Evidence from the ground is that overwhelmingly Ukrainians are refusing to play Kiev’s game. Now even the western-leaning oligarchs are falling out among themselves and looking more and more like the warlords they really are under the skin. Check out these links for some insight into the real tragedy of the Ukraine.



  • Jenny Barnes 25th Mar '15 - 8:17pm

    Tim : I hadn’t realised your article was a joke. Apologies for taking it seriously.

  • @GF ” Putin’s idea appears to be to have Ukraine as a buffer between Russia and any threat fro the west and that is entirely reasonable. ”

    No, it is very unreasonable, for the simple reason that “buffer zones” and “spheres of influence” are concepts that belong to the bad old days of imperialism. No state has the right to dictate the government or alliances of another independent state. Liberals across the world are outraged when they see, say, the United States of America supporting coup d’états or revolutions in a state whose government or policies they oppose. Russia should be held to no less a standard. Russia’s goal may not be the complete conquest of Ukraine (that remains to be seen); however, Putin is certainly trying to bleed the country white in both economic and military terms, to foster opposition to the democratically elected government of Ukraine, and ultimately to make the Ukrainian government, by whatever means, malleable to Moscow’s authority — in other words, convert Ukraine into a puppet state. Liberals cannot possibly support that; they must support the rights of independent states to be really independent. The Potemkin-democracy created by Putin is in any case not a model that any liberal could support.

  • A Social liberal 25th Mar '15 - 9:47pm

    Jenny Barnes said

    “I think it’s entirely possible that the “will of the Ukrainian people” as a whole was probably not to join the EU and then NATO, as was entirely likely following the Maidan revolution. ”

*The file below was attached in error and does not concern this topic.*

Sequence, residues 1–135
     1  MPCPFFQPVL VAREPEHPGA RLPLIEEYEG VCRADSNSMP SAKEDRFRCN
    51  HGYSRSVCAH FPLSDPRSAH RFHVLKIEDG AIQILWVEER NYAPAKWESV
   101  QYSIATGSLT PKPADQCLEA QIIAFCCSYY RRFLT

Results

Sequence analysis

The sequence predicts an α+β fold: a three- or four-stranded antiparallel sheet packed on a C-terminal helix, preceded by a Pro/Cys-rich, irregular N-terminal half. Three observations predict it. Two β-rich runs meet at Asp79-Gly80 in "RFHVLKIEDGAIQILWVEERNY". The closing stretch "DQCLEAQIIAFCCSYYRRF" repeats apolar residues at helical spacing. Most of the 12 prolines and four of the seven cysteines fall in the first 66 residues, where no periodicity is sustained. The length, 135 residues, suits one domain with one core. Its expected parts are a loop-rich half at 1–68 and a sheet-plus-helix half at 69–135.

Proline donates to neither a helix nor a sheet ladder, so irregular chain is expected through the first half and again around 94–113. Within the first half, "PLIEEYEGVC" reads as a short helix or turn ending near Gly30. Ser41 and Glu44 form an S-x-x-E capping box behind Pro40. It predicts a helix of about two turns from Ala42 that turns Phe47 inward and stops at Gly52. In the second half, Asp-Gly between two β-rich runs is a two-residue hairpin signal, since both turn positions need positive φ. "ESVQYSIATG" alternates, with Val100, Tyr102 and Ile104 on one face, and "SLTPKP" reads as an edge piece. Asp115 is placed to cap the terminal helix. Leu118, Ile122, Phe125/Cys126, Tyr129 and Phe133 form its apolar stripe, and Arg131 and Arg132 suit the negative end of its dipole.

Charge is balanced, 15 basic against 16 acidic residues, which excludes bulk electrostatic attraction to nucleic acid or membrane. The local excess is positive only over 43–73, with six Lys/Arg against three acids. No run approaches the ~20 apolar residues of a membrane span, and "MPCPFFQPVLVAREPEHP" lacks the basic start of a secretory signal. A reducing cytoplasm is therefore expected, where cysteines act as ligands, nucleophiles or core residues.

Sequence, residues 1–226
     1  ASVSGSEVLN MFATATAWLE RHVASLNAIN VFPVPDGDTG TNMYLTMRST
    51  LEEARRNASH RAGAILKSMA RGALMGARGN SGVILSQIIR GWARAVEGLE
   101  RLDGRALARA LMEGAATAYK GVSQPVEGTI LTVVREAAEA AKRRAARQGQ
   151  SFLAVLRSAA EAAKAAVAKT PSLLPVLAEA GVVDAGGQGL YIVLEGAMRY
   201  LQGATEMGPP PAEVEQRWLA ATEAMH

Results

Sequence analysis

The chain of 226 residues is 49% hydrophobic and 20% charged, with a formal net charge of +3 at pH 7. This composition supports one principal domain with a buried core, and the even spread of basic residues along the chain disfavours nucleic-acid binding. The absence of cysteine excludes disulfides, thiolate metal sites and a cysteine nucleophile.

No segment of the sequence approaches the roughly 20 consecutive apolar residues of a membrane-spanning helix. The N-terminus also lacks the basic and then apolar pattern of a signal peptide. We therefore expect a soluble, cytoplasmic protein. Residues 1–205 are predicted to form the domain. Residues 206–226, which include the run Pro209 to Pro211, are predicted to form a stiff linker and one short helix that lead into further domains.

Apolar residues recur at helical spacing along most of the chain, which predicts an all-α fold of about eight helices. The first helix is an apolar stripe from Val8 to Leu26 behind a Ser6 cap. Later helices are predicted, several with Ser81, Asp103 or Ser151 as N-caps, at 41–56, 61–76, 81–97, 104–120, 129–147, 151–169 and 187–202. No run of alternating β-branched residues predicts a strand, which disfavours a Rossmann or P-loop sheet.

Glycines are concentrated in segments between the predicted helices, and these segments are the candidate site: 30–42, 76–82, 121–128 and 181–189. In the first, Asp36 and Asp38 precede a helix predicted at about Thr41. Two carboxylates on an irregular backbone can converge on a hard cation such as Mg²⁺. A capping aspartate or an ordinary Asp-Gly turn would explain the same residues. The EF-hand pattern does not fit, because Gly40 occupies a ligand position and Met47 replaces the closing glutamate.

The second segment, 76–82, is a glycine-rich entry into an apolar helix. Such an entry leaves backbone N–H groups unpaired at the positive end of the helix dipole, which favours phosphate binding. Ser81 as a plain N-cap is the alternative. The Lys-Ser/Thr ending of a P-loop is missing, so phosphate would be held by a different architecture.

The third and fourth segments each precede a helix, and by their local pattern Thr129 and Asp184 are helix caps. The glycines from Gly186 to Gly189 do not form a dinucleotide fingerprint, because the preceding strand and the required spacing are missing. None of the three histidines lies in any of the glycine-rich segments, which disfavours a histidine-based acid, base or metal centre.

Given that the Ukraine government had agreed closer ties with the EU I very much doubt that. It was Yanukovych’s sudden change of direction from West to East (following meetings with the Russian foreign minister [how suspicious !] ) which initiated the Maidan revolution.

  • Tsar Nicholas 25th Mar '15 - 9:52pm

    What a load of rubbish! The Ukrainian people did not express any will to go with the EU or NATO. They had a democratically elected government who chose not top go with the EU and this was overthrown in a violent coup on February 22nd 2014.

    The coup was known about beforehand. The personnel of the new government were chosen by the US Assistant Secretary of State for European affairs, Victoria Nuland, with the US Ambassador in Kiev Geoffrey Pyatt some days before the ouster of Yanukovic.

    There then followed a campaign of violence against ethnic Russians in Ukraine, with the bombardment by air and ground artillery of residential districts. How on earth would you expect the victims to react? By embracing the followers of Stepan Bandera?

    I think that the confusion displayed by the majority of posters on LDV on this topic is caused by their reliance on mainstream media such as BBC and the Daily Telegraph. the assumption seems to be that these organs tell the truth when in fact they continually lie – just like they did in the purported gas attack in Ghouta in August 2013, supposedly carried out by Assad when in fact it was carried out by those whom the west supports.

  • A Social Liberal 25th Mar '15 - 10:17pm


    The Ukrainian government was due to ratify an agreement with the EU to have closer ties on November 29th. However, after a top secret meeting at a military base outside Moscow, Yanukovych and his cabinet abandoned that ratification signing and instead announced that they were throwing in their lot with Russia. I don’t know why you are so adamant it didn’t happen – simply google something akin to “Yanukovych meeting russian eu abandoned” and you will get the story from half the worlds press.

    You are correct in that I got one thing wrong though – it wasn’t the Russian foreign minister that Yanukovych met with, IT WAS PUTIN HIMSELF

  • Tsar Nicholas 26th Mar '15 - 3:25am

    A Social liberal